Sometimes taking the opposite approach is the best way to handle difficult problems. This happened in the 18th century John Harrison developed a chronometer the size of a large pocket watch as a way to determine longitude in the 18th century. In the 20th century, Lindberg crossed the Atlantic in a single engine single pilot airplane where others in larger multi-engine aircraft failed. In both of these cases, the answer was in the small rather than the large.
The idea of reuse and services has been around in one form or another for more than 30 years. The idea of ‘build it once and reuse it forever’ is very appealing. The concepts of reuse have been explained as creating sets of building blocks that combine to create new structures like Lego TM building blocks.
The idea was based on the premise of the smaller the better, the more flexible and the greater possibilities for reuse.
Reuse in the form of objects, services and service oriented architectures have driven significant infrastructure and application development projects. Many of these projects have concentrated on building these atomic services in the hopes that atoms can be combined into molecular business processes.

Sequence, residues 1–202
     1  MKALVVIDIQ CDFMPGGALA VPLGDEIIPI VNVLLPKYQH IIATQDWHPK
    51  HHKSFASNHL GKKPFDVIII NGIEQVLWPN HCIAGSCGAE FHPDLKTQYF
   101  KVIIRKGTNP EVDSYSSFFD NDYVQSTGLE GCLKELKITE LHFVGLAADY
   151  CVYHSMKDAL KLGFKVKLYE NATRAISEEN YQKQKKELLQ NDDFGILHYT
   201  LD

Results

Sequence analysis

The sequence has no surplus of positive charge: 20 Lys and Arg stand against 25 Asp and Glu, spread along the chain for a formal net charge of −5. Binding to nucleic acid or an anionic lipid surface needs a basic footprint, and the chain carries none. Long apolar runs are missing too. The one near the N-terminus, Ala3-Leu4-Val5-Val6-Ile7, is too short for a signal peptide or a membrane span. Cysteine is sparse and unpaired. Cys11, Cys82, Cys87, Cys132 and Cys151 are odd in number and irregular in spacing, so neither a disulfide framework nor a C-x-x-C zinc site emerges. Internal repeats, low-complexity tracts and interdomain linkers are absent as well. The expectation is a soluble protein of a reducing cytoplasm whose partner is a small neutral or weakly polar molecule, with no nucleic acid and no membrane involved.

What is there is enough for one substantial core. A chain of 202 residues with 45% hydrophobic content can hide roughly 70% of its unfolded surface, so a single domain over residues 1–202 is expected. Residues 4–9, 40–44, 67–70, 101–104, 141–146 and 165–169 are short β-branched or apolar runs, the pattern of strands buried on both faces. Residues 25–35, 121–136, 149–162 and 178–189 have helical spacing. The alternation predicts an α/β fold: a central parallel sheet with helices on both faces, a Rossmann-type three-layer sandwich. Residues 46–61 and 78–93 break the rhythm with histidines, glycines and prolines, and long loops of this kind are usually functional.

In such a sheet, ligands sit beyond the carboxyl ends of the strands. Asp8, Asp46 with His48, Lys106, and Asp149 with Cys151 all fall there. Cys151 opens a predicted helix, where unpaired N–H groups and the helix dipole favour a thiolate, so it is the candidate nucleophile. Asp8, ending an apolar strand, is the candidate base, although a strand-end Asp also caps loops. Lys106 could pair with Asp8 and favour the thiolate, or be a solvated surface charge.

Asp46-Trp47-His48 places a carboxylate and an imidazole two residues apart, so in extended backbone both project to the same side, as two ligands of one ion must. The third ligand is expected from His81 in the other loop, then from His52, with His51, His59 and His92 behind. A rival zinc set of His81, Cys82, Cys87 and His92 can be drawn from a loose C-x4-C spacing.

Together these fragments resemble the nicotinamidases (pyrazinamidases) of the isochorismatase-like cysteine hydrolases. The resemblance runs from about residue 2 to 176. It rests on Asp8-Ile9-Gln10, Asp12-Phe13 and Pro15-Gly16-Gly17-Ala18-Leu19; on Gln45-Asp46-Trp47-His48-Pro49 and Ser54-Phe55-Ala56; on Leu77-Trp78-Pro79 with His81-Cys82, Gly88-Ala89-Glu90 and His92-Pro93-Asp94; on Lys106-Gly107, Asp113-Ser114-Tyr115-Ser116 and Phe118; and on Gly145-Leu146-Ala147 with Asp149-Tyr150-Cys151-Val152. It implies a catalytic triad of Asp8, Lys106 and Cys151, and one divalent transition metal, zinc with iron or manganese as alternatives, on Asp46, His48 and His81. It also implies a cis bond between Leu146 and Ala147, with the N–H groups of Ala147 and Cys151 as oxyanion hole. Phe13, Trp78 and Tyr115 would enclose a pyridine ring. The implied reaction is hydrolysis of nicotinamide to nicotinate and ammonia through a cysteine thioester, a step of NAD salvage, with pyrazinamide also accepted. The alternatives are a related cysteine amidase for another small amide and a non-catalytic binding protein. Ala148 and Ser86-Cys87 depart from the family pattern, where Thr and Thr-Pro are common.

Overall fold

As part of the 209 CIO agenda we encountered several companies creating value from taking an opposite approach – defining large grain rather than small grain services.
A large grain service centers on a decision or action the enterprise requires across multiple processes. A large grain service has aspects of traditional services in terms of data, processing logic, and interfaces. They also have process aspects and can include workflow, as decisions require more than just applying algorithms.
Pricing is one example of large grain processes that provides a single point of service. One of our case study organizations implemented pricing as a large grain service with the following results:
- Removed redundant pricing logic from more than 150 systems improving the accuracy and application of pricing decisions across product lines
- Reducing deal management cycle time by 4 days, giving the company an enhanced ability to respond to changing market conditions
- Produced a 10% improvement in the company’s quote to cash process, creating additional free cash flow
- Enabling the enterprise to launch a set of new products and product based services according to the company’s strategy.
Together a single large grain service supported both current operational performance and accelerated execution of company strategy.
Pricing is not the only large grain service. Other candidates for large grain reuse include employee, authentication and item. Each of these services involves a decision that drives the economics or operations of the enterprise.
So, where Harrison and Lindberg solved a large complex problem by going small, CIOs and IT executives should consider going large in their services approach.